After receiving his PhD from the Massachusetts Institute of Technology, Schwartz, who now resides in New York, worked for the US Department of State, the Brookings Institution, and Goldman Sachs. He has been widely published, writing on topics like US strategic nuclear weapons policy, NATO, and foreign policy.

Thursday’s lecture, like the book, will focus on the arc of Fermi’s life. The event, taking place at the Charleston Library Society, is free and open to the public, but reservations are required. Attendees can RSVP by phone at (843) 723-9912 or by email at dreutter@charlestonlibrarysociety.org. 
Event Details The Last Man Who Knew Everything: The Life and Times of Enrico Fermi, Father of the Nuclear Age
@ Charleston Library Society
164 King St.
Downtown
Charleston, South Carolina
When: Thu., April 26, 6 p.m.
Books + Poetry

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Tuesday, April 17, 2018

International African American Museum CEO will discuss plans at lecture Thursday

In the field

Posted by Will Allen on Tue, Apr 17, 2018 at 12:37 PM

Michael Moore is president and CEO of the International African-American Museum - DUSTIN WATERS FILE PHOTO
  • Dustin Waters file photo
  • Michael Moore is president and CEO of the International African-American Museum
The Gadsden, a new luxury condo community, will host a lecture from Michael B. Moore as part of its Field Notes lecture series this Thurs. April 19 at 5:30 p.m. Field Notes is a recurring series that chronicles Charleston’s rich culture and history while looking to the future (which, is of course, filled with luxury condo communities. But we digress).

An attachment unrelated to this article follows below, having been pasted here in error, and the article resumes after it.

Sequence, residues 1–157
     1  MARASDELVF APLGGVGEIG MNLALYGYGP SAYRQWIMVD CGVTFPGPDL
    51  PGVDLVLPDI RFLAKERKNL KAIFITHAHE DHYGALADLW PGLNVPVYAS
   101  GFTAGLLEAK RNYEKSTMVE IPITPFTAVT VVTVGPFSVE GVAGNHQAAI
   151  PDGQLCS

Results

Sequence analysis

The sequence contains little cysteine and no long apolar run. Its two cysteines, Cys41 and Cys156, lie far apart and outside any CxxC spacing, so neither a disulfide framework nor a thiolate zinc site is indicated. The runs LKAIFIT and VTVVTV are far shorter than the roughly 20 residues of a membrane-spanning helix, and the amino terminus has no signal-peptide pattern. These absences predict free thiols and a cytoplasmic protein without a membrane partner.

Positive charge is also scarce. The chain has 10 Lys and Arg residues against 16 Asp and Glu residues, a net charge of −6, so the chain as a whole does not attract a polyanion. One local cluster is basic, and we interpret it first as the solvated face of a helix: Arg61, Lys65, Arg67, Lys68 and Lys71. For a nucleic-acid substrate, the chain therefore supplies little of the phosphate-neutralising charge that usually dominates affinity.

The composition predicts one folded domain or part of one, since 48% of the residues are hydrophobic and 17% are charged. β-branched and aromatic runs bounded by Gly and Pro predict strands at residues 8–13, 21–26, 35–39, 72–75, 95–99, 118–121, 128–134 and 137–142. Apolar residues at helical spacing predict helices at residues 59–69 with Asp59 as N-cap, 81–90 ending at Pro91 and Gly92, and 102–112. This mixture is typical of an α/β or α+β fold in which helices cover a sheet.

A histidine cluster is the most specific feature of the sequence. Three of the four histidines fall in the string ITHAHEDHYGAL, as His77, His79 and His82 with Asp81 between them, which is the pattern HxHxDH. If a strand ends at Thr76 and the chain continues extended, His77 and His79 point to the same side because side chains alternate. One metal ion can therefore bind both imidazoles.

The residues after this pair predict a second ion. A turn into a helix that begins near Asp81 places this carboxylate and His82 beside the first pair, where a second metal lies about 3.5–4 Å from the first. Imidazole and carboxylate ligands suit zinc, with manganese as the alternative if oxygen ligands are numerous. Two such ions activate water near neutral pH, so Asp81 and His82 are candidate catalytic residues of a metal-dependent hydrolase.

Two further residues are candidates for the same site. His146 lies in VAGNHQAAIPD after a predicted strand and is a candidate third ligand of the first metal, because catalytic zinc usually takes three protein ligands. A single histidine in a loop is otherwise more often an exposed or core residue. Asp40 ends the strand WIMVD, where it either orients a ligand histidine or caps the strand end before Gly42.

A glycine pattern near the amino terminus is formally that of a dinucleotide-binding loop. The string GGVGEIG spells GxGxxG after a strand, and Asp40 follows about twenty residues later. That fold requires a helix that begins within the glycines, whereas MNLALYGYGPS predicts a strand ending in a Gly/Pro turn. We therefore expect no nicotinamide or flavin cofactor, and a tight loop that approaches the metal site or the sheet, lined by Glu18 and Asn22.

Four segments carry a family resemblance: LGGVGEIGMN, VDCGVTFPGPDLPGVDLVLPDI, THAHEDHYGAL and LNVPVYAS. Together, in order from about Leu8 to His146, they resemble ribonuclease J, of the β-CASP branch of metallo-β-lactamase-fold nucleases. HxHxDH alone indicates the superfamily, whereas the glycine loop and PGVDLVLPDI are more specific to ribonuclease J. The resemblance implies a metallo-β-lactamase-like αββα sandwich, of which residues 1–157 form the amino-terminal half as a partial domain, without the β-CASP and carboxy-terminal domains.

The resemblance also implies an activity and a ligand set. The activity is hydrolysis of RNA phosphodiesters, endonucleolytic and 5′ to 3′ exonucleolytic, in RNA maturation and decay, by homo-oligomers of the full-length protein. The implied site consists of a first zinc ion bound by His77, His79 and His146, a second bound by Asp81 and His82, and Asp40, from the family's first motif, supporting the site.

Michael B. Moore is the CEO of the International African American Museum, a museum detailing and celebrating black culture that is set to open on Gadsden’s Wharf in 2020. At the Field Notes lecture, Moore will be talking about the exhibits that are planned for the museum.
The final design for the International African American Museum - MOODY NOLAN/PEI COBB FREED & PARTNERS
  • Moody Nolan/Pei Cobb Freed & Partners
  • The final design for the International African American Museum
He is, himself, connected to American history; his great-great-grandfather was Robert Smalls, who famously commandeered a Confederate ship and turned it over to the Union while winning his freedom. Moore will also be featured in an upcoming episode of W. Kamau Bell’s United Shades of America on CNN about the Gullah Geechee people, set to air on Sun. May 13 at 10 p.m. Drinks and light refreshments at the lecture series will be provided by Chef Marcus Middleton of Middleton Made Cuisines. Refreshments start at 5:30 p.m. and Moore will take the stage at 6 p.m.

Tickets to the lecture are $30 and all proceeds will be donated to the museum.